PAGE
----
I’m still learning what leadership is. I’ve sat down many times to write about it but when I look over what I’ve written, it seems trite, or cliché. I can elucidate all the characteristics of leadership, but I can’t magically make someone a leader. I can tell you anecdotes of great leaders and what they did in the moment, but those moments cannot be repeated. At this point in my exploration of leadership, all traits and anecdotes circle back to one thing - describing a vision that will lead others to change.
We all have our personal list of those we consider great leaders. Some that come to mind for me are Winston Churchill, Nelson Mandela, Billie Jean King, Ida B. Wells, Bayard Rustin and Eleanor Roosevelt to name a few. Whether they worked in business, politics, sports or social activism, they all ultimately did one thing. They guided the rest of us to a place that most of us could not see, but they could. They led the rest of us to be a little different than we were before. A little better. They changed us.
They changed more than just how we spend our money, or how we vote, or how we use technology, or the entertainment we consume. They led us to soul-level changes. Changes in what our society deems acceptable behavior. Changes in political and social systems. Changes in the way we speak to one another. They led us to change our beliefs, our values, our understanding, our relationships and our expectations.
So what do these larger-than-life figures have to do with you leading your team or your business effectively? These were great leaders who happened to step up to a historical challenge at a pivotal moment in our history, and actually, in our collective consciousness. I’m never going to be the next Abraham Lincoln or Ida B. Wells. I'm never going to be confronted with keeping the country together. You probably won’t either. What do these legends have to do with us folk just trying to make the right decisions for today?
We needed them big to get it. We can study and observe the actions of these historic figures because their leadership played out on a very visible, very public stage that had real impact on millions. Their examples of leadership are so huge and so well-documented that even those of us with the blurriest vision of our place in the world can see it. Even those of us who are not thinking about how to strengthen our leadership muscles, or how we impact others, can look at these giants of leadership and "get it". They are our archetypes of leadership, the "Leadership Legends", and they are remembered because their stories were so meaningful in our lives. Our personal stories may not be as big, but that does not make our leadership any less impactful or important.
I have a bone to pick with a lot of the new-age business leaders and self-help gurus. They are constantly talking about finding our purpose in life, or knowing why God put us here to do. Most of these teachers talk about getting clear about how you’re going to change the world, or how you’re going to lead a movement. Can we please just turn down the grandiosity a little.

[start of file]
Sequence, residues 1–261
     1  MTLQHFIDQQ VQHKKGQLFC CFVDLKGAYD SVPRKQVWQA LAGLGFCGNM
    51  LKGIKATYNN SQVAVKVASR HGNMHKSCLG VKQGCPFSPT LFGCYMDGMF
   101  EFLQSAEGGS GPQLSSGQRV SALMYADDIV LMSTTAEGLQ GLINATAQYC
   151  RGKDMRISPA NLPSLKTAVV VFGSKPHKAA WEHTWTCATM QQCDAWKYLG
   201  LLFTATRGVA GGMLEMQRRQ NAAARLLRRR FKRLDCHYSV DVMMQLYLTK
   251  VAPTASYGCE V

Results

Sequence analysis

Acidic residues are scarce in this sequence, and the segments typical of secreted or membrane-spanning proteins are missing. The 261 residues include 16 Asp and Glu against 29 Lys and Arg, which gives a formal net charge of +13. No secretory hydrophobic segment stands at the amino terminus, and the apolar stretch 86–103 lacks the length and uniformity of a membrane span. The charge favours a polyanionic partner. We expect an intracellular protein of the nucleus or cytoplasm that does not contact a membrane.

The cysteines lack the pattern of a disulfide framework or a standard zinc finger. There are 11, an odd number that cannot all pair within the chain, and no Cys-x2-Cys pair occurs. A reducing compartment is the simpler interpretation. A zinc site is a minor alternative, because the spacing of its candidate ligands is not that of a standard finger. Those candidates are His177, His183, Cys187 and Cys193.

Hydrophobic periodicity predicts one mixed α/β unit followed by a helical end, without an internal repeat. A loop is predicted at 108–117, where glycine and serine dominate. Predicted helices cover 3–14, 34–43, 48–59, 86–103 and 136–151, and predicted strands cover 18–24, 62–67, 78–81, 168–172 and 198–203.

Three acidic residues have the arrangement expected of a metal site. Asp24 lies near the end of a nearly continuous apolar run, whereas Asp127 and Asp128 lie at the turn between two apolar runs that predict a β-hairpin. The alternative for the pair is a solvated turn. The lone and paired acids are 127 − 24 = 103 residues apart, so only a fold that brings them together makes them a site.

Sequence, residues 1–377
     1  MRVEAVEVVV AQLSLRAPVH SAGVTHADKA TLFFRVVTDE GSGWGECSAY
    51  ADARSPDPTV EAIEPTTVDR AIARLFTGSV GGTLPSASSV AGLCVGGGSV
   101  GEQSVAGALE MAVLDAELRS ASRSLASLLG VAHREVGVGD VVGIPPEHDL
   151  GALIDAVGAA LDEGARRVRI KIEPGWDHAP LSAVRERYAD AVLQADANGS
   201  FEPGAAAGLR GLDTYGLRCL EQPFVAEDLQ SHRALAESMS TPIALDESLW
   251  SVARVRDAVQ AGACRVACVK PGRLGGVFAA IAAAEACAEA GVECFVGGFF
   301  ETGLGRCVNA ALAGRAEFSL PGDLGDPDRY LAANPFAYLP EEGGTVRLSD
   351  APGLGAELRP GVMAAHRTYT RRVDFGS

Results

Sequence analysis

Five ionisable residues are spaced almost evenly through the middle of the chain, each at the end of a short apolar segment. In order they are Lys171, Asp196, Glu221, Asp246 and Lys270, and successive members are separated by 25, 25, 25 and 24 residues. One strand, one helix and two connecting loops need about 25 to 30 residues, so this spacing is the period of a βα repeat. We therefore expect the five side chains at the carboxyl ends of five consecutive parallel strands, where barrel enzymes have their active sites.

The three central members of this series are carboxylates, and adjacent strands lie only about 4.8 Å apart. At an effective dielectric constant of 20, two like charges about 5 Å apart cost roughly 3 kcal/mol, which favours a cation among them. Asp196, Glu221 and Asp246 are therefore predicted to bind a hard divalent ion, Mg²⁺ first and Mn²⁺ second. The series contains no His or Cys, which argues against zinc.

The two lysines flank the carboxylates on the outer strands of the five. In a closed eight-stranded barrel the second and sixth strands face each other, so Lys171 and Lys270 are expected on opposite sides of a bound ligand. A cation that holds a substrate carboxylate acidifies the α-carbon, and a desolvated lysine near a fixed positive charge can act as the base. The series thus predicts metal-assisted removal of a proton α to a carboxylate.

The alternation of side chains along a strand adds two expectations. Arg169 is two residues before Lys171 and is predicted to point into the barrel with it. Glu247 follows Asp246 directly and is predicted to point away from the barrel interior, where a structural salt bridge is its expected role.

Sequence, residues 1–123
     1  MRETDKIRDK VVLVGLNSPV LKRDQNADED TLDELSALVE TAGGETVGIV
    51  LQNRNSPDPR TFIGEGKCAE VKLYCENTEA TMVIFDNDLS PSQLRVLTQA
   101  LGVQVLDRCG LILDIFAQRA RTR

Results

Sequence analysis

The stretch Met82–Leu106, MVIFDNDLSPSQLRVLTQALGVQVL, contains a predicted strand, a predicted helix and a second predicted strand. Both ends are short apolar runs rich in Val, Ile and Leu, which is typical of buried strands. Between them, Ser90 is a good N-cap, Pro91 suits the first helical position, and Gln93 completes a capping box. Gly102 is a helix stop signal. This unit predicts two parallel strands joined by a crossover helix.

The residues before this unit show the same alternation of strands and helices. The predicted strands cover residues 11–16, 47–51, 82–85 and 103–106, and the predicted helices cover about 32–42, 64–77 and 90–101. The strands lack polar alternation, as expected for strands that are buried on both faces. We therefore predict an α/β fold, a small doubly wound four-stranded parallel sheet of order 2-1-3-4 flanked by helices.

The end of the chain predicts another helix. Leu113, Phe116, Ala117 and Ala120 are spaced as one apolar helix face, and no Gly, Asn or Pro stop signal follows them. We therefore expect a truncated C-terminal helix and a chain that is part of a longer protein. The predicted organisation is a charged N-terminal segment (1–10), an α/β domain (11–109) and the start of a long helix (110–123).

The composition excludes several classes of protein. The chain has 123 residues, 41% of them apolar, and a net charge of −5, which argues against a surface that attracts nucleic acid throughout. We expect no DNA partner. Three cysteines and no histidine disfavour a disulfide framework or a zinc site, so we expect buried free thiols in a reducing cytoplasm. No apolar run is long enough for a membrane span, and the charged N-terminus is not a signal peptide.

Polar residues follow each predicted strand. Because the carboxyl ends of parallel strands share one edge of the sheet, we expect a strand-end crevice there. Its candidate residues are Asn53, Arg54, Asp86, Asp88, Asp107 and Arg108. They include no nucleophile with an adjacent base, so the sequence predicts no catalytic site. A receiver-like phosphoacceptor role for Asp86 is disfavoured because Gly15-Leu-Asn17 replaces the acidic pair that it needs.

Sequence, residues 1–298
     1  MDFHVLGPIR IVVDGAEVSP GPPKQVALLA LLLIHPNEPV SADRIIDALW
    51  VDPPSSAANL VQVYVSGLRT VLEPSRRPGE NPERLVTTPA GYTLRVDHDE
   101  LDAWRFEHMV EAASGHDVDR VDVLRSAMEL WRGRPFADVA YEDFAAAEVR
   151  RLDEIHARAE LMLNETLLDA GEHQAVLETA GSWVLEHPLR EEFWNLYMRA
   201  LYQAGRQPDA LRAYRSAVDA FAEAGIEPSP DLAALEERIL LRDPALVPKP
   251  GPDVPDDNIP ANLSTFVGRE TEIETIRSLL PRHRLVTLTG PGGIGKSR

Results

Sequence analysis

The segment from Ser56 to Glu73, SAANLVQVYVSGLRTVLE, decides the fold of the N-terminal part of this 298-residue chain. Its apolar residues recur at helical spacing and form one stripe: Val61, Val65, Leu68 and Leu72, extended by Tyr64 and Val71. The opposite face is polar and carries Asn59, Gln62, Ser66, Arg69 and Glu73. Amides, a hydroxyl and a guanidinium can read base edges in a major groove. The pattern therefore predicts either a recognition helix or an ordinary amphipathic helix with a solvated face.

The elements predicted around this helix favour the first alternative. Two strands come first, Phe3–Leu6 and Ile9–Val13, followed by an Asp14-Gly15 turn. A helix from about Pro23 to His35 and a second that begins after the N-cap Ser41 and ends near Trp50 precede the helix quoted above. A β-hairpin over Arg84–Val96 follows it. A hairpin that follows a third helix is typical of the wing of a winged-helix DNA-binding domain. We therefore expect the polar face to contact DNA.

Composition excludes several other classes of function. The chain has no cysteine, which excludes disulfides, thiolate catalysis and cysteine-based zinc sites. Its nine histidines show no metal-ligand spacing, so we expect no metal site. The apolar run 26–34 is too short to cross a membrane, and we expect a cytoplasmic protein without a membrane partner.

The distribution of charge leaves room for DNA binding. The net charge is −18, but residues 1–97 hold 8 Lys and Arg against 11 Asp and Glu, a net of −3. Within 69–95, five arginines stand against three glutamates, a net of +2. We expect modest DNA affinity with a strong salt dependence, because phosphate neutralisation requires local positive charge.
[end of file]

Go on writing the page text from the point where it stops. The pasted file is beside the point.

One of the greatest leaders I’ve had the pleasure to work for in my career was Linnet Deily, which is a name you've probably never heard. She was CEO of the bank in Texas where I worked right out of college, and she was the first leader I remember admiring and wanting to emulate.
My bank in Texas was acquired by an out-of-state financial conglomerate right after interstate banking was allowed in the US. Linnet Deily was sent by the new parent company to take a large, underperforming Texas bank and bring it into the national banking network, clean up and upgrade operations, and get the company profitable. She made a lot of changes when she came. She saw a better way of doing things, and she was constantly telling people about where we were going and why. She did not make any of the legacy leadership team wrong, she just described a better way. In her years there, she turned the Texas bank into the second highest performing asset in the company after the California bank.
I spoke directly with Linnet only a few times, but that was enough for her to impact one of her junior employees. Her leadership was clear and it changed the way I now approach every job I take. She taught me to hold the work as sacred and ignore the distractions, to show everyone respect, that no single person is responsible for a company’s success or failure, to let your co-workers see who you really are, to become an expert at your job, and to expect the same from everyone around you. She was not rebuilding a nation, she was just managing a bank. But she changed me. If that was her purpose, then well done Linnet.
Look at the WAY the Leadership Legends did what they did and don't get overwhelmed by the magnitude of WHAT they did. That big stage was just so that they could get our attention and we could get the lesson. Look for the IRL leaders you respect in your world. There are probably some around you every day. How are they doing it? What are the common threads of their behavior with the Leadership Legends? What is the change they are showing you? What are they doing that you already do? Now build on that.
Your Board needs you to lead. Your peers need you to lead. Your kids need to see you leading. If that is your great life's purpose, then well done. Let’s get over this idea that we’re all going to be Steve Jobs or Martin Luther King, Jr., and get on with the rewarding and impactful job of leading in real life. There’s much work to do here. Step up.